If you start this with your children at a young age, they will develop into natural eaters whose weight will settle out at whatever place their body wants to be.  We all have a set point weight where our bodies are the happiest and the more we leave ourselves alone the easier it is for our bodies to find that place and settle there - moving up or down through time within a specific range depending on circumstances and life events.  The more we try and control and manipulate this natural place, the more out of control and unpredictable weight can be, fluctuating up or down depending on where we fall in the restrict and binge cycle that is inevitable when dieting.  And those fluctuations have been shown to have more negative health consequences than simply leaving the weight alone in the first place.

One more thing I really wish parents knew and shared with their children.  Listen up - this is super important.  Young women about to go through puberty are supposed to gain weight.   It's an evolutionary necessity in order to be able to bear children and propagate our species. This does not mean that all women will get hips or curves but it also means that lots of women will. I can't tell you how many times I have heard that a young woman went on a diet at age 12 or 13 as she started to gain this weight and well meaning parents encouraged the diet out of fear for their children's social lives. These young women then go on to experience years if not decades of trying to change their body or feeling like their body is unacceptable.  Dieting in puberty is exactly the wrong thing to do at the wrong time and it shocks me that it happens over and over and over.  Weight stigma is the real cause of low self esteem. It has nothing to do with the weight itself.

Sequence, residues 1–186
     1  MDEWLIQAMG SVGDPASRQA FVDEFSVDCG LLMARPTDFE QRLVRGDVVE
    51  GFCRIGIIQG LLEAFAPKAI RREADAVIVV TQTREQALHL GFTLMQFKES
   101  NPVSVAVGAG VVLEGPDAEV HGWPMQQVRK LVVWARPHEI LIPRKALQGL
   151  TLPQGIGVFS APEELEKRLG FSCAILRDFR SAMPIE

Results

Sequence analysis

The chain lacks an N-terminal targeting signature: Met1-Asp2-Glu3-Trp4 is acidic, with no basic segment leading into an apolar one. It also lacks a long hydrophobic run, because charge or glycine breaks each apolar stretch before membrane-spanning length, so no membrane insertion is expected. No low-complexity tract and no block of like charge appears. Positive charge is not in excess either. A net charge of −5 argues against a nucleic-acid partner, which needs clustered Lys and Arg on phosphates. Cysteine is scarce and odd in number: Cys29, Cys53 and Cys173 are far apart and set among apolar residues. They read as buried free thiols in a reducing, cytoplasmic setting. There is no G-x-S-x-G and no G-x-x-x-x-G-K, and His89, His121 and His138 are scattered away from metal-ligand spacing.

Every young woman going through puberty needs information and encouragement and support from the women in their lives who have already experienced it.  They need to know that ALL the changes are normal and it is really genius on the part of our biology. What a shame, literally, a shame that is put on so many young women as their bodies start to grow and mature.  Why does this happen? Oh yeah - fat phobia again.  If it weren't for that, then we wouldn’t be having this conversation.

Let that be what you take away from this article. It's not the weight on your child's body that is the problem, it's the weight you put on their shoulders when you support and encourage the fat phobia in our society today.  Let this be a lesson to all parents and all people out there to step away from the war on fat and step into the war on fat phobia. That is the true enemy and what we should all really be afraid of.  Your kids are instinctive natural eaters and body regulators and the less you get involved with their eating the better off everyone will be.